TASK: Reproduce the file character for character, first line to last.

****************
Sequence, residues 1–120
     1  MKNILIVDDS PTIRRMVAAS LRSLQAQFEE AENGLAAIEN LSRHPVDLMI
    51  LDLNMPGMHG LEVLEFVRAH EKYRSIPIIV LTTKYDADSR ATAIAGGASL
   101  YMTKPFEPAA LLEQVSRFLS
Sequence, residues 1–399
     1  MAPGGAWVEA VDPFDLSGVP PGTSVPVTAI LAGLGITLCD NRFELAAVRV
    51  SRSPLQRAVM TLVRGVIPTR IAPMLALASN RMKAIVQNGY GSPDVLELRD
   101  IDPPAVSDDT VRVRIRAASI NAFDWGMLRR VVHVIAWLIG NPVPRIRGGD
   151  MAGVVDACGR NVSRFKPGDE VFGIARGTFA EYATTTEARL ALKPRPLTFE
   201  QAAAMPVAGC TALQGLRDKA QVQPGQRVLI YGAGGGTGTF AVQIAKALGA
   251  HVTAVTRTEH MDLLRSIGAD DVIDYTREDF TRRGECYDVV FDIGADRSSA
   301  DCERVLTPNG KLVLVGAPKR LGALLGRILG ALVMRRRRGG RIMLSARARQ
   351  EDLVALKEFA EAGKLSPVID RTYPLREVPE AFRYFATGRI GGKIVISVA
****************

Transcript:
Sequence, residues 1–120
     1  MKNILIVDDS PTIRRMVAAS LRSLQAQFEE AENGLAAIEN LSRHPVDLMI
    51  LDLNMPGMHG LEVLEFVRAH EKYRSIPIIV LTTKYDADSR ATAIAGGASL
   101  YMTKPFEPAA LLEQVSRFLS
Sequence, residues 1–399
     1  MAPGGAWVEA VDPFDLSGVP PGTSVPVTAI LAGLGITLCD NRFELAAVRV
    51  SRSPLQRAVM TLVRGVIPTR IAPMLALASN RMKAIVQNGY GSPDVLELRD
   101  IDPPAVSDDT VRVRIRAASI NAFDWGMLRR VVHVIAWLIG NPVPRIRGGD
   151  MAGVVDACGR NVSRFKPGDE VFGIARGTFA EYATTTEARL ALKPRPLTFE
   201  QAAAMPVAGC TALQGLRDKA QVQPGQRVLI YGAGGGTGTF AVQIAKALGA
   251  HVTAVTRTEH MDLLRSIGAD DVIDYTREDF TRRGECYDVV FDIGADRSSA
   301  DCERVLTPNG KLVLVGAPKR LGALLGRILG ALVMRRRRGG RIMLSARARQ
   351  EDLVALKEFA EAGKLSPVID RTYPLREVPE AFRYFATGRI GGKIVISVA